‘What the hell is water?’ How to use deliberate clinical inertia in common emergency department situations
|dc.identifier.citation||Egerton-Warburton, D. and Cullen, L. and Keijzers, G. and Fatovich, D. 2018. ‘What the hell is water?’ How to use deliberate clinical inertia in common emergency department situations. EMA - Emergency Medicine Australasia. 30 (3): pp. 426-430.|
© 2018 Australasian College for Emergency Medicine and Australasian Society for Emergency Medicine Appropriate deliberate clinical inertia refers to the art of doing nothing as a positive clinical response. It includes shared decision-making to improve patient care with the use of clinical judgement. We discuss common clinical scenarios where the use of deliberate clinical inertia can occur. The insertion of peripheral intravenous cannulae, investigating patients with suspected renal colic and the investigation of low risk chest pain are all opportunities for the thoughtful clinician to ‘stand there’ and use effective patient communication to avoid low value tests and procedures. Awareness is key to identifying these opportunities to practice deliberate clinical inertia, as many of the situations may be so much a part of our environment that they are hidden in plain view.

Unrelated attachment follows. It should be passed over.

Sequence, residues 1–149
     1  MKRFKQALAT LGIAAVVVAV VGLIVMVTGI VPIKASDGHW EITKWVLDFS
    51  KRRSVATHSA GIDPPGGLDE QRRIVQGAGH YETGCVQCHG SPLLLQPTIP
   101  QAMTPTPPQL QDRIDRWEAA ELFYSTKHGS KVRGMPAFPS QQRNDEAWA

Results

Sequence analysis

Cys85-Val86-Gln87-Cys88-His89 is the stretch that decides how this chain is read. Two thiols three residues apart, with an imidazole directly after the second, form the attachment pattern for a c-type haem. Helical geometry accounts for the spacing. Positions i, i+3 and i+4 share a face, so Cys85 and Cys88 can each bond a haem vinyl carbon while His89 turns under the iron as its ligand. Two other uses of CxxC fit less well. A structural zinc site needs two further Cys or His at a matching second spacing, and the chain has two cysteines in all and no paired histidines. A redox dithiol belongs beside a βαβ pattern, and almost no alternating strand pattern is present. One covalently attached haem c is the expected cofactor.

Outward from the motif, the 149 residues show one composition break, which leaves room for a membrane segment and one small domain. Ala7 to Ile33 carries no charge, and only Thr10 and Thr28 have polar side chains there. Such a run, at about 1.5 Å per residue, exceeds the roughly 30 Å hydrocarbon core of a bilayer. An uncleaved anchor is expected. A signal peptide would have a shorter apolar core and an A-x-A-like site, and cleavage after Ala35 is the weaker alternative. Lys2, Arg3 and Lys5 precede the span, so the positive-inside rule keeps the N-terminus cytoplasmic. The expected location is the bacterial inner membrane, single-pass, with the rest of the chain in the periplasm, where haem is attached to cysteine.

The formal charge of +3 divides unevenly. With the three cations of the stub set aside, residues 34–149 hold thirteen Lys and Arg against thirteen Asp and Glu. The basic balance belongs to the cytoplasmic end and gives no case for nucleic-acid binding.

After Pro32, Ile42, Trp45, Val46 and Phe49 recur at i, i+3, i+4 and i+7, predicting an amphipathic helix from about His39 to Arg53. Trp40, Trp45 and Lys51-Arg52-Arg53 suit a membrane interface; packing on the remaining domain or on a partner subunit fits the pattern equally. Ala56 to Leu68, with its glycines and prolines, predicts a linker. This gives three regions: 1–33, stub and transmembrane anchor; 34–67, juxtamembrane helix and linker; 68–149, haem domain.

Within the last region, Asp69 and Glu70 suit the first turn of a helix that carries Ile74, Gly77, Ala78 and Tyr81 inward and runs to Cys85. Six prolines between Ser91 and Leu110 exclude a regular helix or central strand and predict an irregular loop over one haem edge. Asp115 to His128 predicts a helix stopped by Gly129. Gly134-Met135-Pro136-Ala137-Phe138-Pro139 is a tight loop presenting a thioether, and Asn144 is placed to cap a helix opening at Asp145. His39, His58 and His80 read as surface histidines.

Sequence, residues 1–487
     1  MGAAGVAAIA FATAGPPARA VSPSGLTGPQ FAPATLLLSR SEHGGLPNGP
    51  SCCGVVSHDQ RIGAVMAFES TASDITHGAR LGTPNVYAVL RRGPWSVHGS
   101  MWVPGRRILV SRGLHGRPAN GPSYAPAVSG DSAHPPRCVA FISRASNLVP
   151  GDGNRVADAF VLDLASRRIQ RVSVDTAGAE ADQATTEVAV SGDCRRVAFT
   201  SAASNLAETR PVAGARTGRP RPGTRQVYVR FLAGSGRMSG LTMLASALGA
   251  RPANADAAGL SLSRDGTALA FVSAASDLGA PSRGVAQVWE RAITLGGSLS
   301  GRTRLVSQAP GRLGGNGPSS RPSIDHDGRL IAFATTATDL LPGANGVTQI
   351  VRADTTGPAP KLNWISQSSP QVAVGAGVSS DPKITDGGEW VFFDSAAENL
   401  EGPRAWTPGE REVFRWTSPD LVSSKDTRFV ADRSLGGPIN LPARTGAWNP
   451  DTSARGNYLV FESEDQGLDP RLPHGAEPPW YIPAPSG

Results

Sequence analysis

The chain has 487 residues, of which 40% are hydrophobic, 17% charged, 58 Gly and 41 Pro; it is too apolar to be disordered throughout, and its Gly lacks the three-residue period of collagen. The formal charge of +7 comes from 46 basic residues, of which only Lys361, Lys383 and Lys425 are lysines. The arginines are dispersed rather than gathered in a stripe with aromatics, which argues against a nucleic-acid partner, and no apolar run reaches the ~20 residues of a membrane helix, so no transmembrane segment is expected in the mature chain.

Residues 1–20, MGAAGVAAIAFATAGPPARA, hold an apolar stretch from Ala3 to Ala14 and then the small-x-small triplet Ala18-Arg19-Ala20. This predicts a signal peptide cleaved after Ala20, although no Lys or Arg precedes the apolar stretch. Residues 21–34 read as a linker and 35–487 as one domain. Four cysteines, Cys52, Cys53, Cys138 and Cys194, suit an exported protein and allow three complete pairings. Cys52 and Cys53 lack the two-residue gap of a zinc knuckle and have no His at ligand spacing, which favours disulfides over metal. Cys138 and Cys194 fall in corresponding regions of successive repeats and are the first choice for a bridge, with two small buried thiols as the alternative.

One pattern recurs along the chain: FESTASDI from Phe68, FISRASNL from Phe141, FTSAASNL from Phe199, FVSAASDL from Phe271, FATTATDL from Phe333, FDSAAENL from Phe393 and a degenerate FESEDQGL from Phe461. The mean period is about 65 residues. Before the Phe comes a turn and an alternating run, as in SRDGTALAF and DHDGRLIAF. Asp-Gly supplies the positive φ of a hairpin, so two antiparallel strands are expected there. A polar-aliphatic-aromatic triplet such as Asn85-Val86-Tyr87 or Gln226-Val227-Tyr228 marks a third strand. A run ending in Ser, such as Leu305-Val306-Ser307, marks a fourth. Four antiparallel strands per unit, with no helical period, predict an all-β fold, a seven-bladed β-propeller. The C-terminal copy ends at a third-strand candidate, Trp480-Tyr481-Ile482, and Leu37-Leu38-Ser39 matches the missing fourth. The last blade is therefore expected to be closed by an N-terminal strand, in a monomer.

|dc.publisher||Wiley-Blackwell Publishing Asia|
|dc.title||‘What the hell is water?’ How to use deliberate clinical inertia in common emergency department situations|
|dcterms.source.title||EMA - Emergency Medicine Australasia|
|curtin.department||National Drug Research Institute (NDRI)|
|curtin.accessStatus||Fulltext not available|
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